Phaneuf was leaned on very often by the Maple Leafs as the guy who could give the team a massive spark. The former 20-goal-scorer was named the team captain this off-season after being recognized for his great work ethic and ability to lead a team both on the ice and in the dressing room. Assuming that Phaneuf can balance the duties of captaining the Leafs and being a top defenseman, the entire blue-line will be strong for the latter half of the season.
With that being said, don’t be disappointed that Burke did not complete a trade involving Kaberle before the defenseman’s trade window expired. Kaberle, an 11-year veteran of the league, is one of the best defenceman in the National Hockey League. As long as Kaberle is playing for the Maple Leafs, the young players, especially the young defensemen, will follow him.
Since Kaberle and Phaneuf are both playing the for Leafs, the young defense corps will learn a lot. While the Leafs’ young blue-liners might make a few mistakes during the first couple weeks of the season, the potential to rebound from a disastrous 2009-10 season is certainly there.
However, just because things are looking good so far doesn’t mean that the Leafs will make the playoffs for sure.
For years, the Northeast Division was known as one of the toughest in hockey. Now that the Atlantic Division has taken shape and the Pacific Division is well on its way, the Northeast is not quite as comparable as it used to be. Nevertheless, the Leafs are still going to have to deal with teams that are tough to play against. Buffalo, Boston, Montreal and maybe even the Senators all have the potential for big seasons in 2010-11.
After loosing Henrik Tallinder, Toni Lydman and Raffi Torres in the off-season, Buffalo rebounded fairly well with the signings of Jordan Leopold, Rob Niedermayer and Shaone Morrisonn. The Sabres are less likely to have a similar season as they did in 2009-10 (45-27-10, 100 points, first in Northeast) since they didn’t really improve their team.
The Senators lost two very solid defencemen in the off-season in Anton Volchenkov and Andy Sutton, while also watching Matt Cullen leave the Nation’s capital. They did, however, manage to lure Sergei Gonchar away from Pittsburgh and into the red, black and gold. Gonchar, who scored 11 goals last season, is the puck moving defenseman the Senators were looking for.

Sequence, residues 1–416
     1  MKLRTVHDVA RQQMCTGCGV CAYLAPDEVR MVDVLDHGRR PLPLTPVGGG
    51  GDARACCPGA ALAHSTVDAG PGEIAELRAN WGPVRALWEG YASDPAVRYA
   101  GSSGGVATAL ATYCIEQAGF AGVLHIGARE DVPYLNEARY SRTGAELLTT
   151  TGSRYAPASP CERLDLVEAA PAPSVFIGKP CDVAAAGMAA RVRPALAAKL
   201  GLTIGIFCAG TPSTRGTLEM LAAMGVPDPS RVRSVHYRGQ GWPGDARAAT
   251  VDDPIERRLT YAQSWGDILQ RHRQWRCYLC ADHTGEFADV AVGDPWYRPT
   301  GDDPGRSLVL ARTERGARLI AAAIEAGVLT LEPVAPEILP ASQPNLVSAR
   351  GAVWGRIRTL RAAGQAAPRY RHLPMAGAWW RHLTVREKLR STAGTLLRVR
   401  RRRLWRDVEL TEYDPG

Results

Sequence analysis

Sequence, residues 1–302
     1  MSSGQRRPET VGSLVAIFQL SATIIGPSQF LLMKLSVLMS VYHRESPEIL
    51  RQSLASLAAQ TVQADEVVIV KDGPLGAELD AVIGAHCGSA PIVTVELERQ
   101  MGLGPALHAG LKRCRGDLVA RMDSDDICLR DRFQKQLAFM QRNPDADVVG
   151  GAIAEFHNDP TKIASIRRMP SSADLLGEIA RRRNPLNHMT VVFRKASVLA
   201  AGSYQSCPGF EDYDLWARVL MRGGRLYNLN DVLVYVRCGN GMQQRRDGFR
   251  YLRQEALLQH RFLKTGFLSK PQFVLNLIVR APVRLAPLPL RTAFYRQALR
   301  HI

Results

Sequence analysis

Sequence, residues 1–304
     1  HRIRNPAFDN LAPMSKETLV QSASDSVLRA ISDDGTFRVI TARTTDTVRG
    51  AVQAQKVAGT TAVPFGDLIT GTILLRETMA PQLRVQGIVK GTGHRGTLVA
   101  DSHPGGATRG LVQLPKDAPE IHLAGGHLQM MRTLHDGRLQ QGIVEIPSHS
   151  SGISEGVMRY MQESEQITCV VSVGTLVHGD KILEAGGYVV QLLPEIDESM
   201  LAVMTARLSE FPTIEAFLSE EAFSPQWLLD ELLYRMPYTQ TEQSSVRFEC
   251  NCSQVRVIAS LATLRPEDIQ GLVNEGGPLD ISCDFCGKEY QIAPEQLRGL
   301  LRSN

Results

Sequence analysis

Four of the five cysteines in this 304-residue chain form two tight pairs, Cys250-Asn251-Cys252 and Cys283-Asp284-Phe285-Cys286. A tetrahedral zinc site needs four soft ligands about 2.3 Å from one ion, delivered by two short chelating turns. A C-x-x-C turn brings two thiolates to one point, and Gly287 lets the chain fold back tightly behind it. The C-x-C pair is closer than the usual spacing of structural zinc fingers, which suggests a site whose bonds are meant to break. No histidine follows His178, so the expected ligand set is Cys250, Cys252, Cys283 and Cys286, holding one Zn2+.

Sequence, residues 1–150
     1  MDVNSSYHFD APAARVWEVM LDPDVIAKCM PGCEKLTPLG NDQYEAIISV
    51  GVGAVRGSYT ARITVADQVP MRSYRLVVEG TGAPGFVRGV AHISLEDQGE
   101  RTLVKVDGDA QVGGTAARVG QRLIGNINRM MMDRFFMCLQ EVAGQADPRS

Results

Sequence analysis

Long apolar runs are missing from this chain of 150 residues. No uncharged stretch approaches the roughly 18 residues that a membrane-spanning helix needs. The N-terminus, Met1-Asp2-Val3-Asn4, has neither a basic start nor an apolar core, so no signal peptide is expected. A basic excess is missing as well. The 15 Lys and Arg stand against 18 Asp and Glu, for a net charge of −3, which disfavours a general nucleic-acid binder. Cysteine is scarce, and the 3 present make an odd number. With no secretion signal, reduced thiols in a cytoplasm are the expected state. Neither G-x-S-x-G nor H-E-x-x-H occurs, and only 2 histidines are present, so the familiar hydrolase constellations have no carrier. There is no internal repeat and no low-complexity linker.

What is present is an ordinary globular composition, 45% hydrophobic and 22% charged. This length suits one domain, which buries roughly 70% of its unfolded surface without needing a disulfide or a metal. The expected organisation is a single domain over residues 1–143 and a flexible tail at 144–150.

Even though they lost Dennis Wideman, the Boston Bruins still managed to improve their offence by acquiring Nathan Horton. Horton, who has played his entire six-year career with the Florida Panthers, put up 57 points in just 65 games last season. There is no doubt that the Bruins improved their offensive attack after finishing dead last in the league in goals scored per game and total goals scored last season.
Last but possibly not least, the Montreal Canadiens didn’t exactly improve their team during the off-season. After losing the likes of Jaroslav Halak, Marc-Andre Bergeron, Glen Metropolit and Sergei Kostitsyn, General Manager Pierre Gauthier only managed to sign Alex Auld and Dustin Boyd. The Canadiens are taking a massive risk with Carey Price as he has not proven that he can come through when the crowd turns on him while Halak, who was traded to St. Louis, carried the Canadiens to the Eastern Conference final.
The Maple Leafs, who went 5-2 last season against Ottawa, will need to start the season series against the Senators the way they finished it in 2009-10 if they want to prove that they can win in their own division. But of course, they will need to be able to beat the best in the division, and the league, to prove that they are a brand new team.
So, can the Maple Leafs make the playoffs? Yes. Will it be easy? No.
As a young team, the Leafs will make a lot of mistakes, especially early in the season. But just like last season, the Leafs have the ability to string some wins together. It won’t take long before the Leafs can start to string multiple wins together with the potential the offense actually has.
There will be a lot of ups and downs during the 2010-11 season, but in the end the Maple Leafs will make the Stanley Cup playoffs, finishing seventh in the Eastern Conference.